Thomas Jefferson University. "Scientist's Patent Dramatically Improves DNA Analysis." ScienceDaily. ScienceDaily, 19 July 2007. <www.sciencedaily.com/releases/2007/07/070718162904.htm>.
Thomas Jefferson University. (2007, July 19). Scientist's Patent Dramatically Improves DNA Analysis. ScienceDaily. Retrieved March 30, 2015 from www.sciencedaily.com/releases/2007/07/070718162904.htm
Thomas Jefferson University. "Scientist's Patent Dramatically Improves DNA Analysis." ScienceDaily. www.sciencedaily.com/releases/2007/07/070718162904.htm (accessed March 30, 2015).

Share This


More From ScienceDaily



More Plants & Animals News

Monday, March 30, 2015

Featured Research

from universities, journals, and other organizations


Featured Videos

from AP, Reuters, AFP, and other news services

New Arthropod Fossil Might Be Relative Of Spiders, Scorpions

New Arthropod Fossil Might Be Relative Of Spiders, Scorpions

Newsy (Mar. 29, 2015) A 508-million-year-old arthropod that swam in the Cambrian seas is thought to share a common ancestor with spiders and scorpions. Video provided by Newsy
Powered by NewsLook.com
Vietnam Rice Boom Piles Pressure on Farmers and the Environment

Vietnam Rice Boom Piles Pressure on Farmers and the Environment

AFP (Mar. 29, 2015) Vietnam&apos;s drive to become the world&apos;s leading rice exporter is pushing farmers in the fertile Mekong Delta to the brink, say experts, with mounting costs to the environment. Duration: 02:35 Video provided by AFP
Powered by NewsLook.com
Raw: Lioness Has Rare Five-Cub Litter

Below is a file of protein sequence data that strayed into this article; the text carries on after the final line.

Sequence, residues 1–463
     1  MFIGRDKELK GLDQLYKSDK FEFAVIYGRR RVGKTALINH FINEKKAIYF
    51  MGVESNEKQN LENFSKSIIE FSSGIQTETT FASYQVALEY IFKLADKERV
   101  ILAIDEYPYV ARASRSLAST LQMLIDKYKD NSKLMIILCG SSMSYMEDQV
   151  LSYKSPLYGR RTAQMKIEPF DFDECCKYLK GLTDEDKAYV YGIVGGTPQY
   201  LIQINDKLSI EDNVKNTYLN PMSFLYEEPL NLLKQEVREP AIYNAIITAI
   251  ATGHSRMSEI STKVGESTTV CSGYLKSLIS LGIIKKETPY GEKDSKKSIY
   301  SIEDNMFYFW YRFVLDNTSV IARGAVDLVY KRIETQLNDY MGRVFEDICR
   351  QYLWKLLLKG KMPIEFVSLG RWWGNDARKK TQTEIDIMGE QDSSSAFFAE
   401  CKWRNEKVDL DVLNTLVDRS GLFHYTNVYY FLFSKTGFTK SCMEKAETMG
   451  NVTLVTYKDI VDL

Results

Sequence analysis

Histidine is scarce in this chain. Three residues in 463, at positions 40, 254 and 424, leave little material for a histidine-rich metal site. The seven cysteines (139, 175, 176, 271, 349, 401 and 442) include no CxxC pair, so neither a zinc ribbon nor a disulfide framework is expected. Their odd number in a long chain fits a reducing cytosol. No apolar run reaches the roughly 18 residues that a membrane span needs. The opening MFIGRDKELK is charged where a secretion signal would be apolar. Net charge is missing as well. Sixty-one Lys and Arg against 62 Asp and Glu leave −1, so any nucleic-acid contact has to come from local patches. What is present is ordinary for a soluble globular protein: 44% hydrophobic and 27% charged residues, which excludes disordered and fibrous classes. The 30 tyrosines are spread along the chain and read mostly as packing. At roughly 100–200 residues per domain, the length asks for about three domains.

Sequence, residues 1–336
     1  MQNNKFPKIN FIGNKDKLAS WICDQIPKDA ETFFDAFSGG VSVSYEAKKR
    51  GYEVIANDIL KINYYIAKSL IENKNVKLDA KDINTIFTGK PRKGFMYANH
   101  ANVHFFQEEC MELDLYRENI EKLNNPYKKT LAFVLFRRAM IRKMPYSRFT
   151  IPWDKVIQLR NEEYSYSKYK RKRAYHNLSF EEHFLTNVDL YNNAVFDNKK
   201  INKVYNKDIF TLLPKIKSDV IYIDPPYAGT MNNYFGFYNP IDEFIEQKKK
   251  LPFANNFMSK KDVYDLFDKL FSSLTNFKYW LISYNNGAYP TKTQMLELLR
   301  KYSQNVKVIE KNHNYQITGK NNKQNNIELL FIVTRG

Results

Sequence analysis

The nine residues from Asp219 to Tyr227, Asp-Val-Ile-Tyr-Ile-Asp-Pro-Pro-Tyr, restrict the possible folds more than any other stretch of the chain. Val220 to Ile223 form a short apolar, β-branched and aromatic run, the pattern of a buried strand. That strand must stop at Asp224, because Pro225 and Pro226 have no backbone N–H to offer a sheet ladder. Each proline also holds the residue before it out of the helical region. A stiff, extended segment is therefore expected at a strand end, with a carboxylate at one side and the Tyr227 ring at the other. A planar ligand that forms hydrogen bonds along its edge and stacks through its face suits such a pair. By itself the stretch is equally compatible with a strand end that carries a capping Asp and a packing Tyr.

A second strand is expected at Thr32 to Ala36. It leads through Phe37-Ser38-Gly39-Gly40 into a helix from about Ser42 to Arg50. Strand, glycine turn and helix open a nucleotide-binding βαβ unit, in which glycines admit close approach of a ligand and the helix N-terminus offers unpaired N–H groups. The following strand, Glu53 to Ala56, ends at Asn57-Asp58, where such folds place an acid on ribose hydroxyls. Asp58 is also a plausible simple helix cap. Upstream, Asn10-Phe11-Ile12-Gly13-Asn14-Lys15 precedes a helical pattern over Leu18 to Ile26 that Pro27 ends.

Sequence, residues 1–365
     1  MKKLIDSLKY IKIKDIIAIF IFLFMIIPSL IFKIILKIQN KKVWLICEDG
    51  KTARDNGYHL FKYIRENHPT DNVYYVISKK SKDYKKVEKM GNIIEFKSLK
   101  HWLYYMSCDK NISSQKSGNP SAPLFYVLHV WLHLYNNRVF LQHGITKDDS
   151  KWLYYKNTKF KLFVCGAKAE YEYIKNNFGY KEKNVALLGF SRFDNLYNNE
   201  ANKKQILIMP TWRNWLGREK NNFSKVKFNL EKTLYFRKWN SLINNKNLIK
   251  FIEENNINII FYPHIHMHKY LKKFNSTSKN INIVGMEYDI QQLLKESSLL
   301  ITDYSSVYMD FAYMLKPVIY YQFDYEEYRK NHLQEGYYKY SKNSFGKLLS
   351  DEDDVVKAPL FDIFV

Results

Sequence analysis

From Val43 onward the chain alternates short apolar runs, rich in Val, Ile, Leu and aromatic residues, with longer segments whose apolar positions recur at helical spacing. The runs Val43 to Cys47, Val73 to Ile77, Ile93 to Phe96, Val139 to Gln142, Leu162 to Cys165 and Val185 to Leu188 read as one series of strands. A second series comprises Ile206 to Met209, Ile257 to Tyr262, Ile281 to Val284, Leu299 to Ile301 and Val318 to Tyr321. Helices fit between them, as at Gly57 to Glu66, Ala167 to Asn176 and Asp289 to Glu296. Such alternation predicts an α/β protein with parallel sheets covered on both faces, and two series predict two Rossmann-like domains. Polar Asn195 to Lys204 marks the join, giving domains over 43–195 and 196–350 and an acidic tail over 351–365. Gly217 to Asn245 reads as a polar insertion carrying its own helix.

Raw: Lioness Has Rare Five-Cub Litter

AP (Mar. 27, 2015) A lioness in Pakistan has given birth to five cubs, twice the usual size of a litter. Queen gave birth to two other cubs just nine months ago. (March 27) Video provided by AP
Powered by NewsLook.com
Jockey Motion Tracking Reveals Racing Prowess

Jockey Motion Tracking Reveals Racing Prowess

Reuters - Innovations Video Online (Mar. 26, 2015) Using motion tracking technology, researchers from the Royal Veterinary College (RVC) are trying to establish an optimum horse riding style to train junior jockeys, as well as enhance safety, health and well-being of both racehorses and jockeys. Matthew Stock reports. Video provided by Reuters
Powered by NewsLook.com

Search ScienceDaily

Number of stories in archives: 140,361

Find with keyword(s):
Enter a keyword or phrase to search ScienceDaily for related topics and research stories.

Save/Print:
Share:

Breaking News:

Strange & Offbeat Stories


Plants & Animals

Earth & Climate

Fossils & Ruins

In Other News

... from NewsDaily.com

Science News

Health News

Environment News

Technology News



Save/Print:
Share:

Free Subscriptions


Get the latest science news with ScienceDaily's free email newsletters, updated daily and weekly. Or view hourly updated newsfeeds in your RSS reader:

Get Social & Mobile


Keep up to date with the latest news from ScienceDaily via social networks and mobile apps:

Have Feedback?


Tell us what you think of ScienceDaily -- we welcome both positive and negative comments. Have any problems using the site? Questions?
Mobile: iPhone Android Web
Follow: Facebook Twitter Google+
Subscribe: RSS Feeds Email Newsletters
Latest Headlines Health & Medicine Mind & Brain Space & Time Matter & Energy Computers & Math Plants & Animals Earth & Climate Fossils & Ruins